Although support groups were not as available as they are now, it’s unlikely that Ivy would have been drawn to a formally organized group. That is not to say that she didn’t have support. Her circle of friends drew close and Ivy let loose. “They allowed me to talk,” she recalls. “They opened up that door and, man, I let ’em have it.”
Making specific requests from supportive friends is another suggestion Gunter makes to other cancer survivors. “Tell people exactly what it is that you need from them because they want to help, they just don’t know how. If a patient says something like, ‘Oh, I can do it myself. I don’t want to trouble you,’ then friends don’t know how they can help. If we can tell them what they can do for us, even if it’s the most menial thing, it helps them to get closer to us.”
Having a supportive spouse was also invaluable to Ivy. “My husband, Don, who is fabulous, became the strongest person I’ve ever seen in my life. He dictated how this was going to be done. The first thing he told people was, ‘No tears inside her room. If you want to cry, if you want to talk about it, if you have issues with it or whatever, do not talk about it inside her room.’
“So, when people came into my room, there was a party because they did all of their grieving outside the room. I don’t know if that’s healthy or not, but that’s how we got through it together. It worked for us.”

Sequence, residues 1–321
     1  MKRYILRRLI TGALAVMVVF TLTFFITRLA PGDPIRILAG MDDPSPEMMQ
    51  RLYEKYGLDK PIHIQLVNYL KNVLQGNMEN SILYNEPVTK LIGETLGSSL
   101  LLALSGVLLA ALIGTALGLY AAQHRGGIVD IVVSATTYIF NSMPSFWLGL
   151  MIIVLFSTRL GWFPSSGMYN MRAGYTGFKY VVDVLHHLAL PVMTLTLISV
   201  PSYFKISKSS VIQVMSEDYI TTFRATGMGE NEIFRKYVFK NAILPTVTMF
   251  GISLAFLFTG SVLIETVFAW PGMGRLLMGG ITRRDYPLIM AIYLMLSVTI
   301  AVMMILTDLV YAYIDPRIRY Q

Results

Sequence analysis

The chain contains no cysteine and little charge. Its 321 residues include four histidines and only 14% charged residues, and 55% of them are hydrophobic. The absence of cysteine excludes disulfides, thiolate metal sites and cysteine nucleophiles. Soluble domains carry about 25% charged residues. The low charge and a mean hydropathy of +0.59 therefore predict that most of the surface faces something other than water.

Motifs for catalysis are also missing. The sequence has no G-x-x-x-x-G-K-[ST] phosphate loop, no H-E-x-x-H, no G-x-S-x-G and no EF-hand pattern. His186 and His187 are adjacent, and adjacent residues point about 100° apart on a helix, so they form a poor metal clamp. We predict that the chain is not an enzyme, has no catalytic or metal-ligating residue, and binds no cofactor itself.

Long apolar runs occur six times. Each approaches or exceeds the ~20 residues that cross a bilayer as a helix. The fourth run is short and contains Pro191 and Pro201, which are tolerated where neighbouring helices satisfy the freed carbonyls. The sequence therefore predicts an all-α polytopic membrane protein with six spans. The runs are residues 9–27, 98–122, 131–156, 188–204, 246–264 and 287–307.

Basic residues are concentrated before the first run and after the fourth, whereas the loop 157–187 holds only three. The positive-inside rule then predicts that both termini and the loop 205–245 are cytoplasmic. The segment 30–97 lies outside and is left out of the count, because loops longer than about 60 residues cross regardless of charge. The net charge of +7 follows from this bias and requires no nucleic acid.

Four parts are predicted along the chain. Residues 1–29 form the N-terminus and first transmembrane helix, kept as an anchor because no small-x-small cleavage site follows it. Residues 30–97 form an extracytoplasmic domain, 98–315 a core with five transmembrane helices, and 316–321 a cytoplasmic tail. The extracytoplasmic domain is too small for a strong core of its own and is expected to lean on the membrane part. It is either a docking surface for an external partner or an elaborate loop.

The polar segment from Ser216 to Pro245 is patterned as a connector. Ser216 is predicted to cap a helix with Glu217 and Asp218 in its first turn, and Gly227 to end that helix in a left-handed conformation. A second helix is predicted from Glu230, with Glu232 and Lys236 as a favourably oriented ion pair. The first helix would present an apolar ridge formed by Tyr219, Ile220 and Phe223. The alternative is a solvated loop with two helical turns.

The importance of sharing her success story with other survivors mirrors Ivy’s experience carrying the Olympic torch. “When the girl gave me her light, it was such a giving moment. It’s like someone has just given you life. The whole act of taking it for your length and then sharing it with someone else is a lot like what cancer survivors give to each other. You’re taking it, you’re getting through it, you’re doing what you have to do for that moment, and then you’re passing it on to someone else at the very beginning of their journey.”
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Read more of Ivy Gunter's story in the Sept/Oct 1989 issue of Coping® with Cancer.
This article was published in Coping® with Cancer magazine, September/October 1999.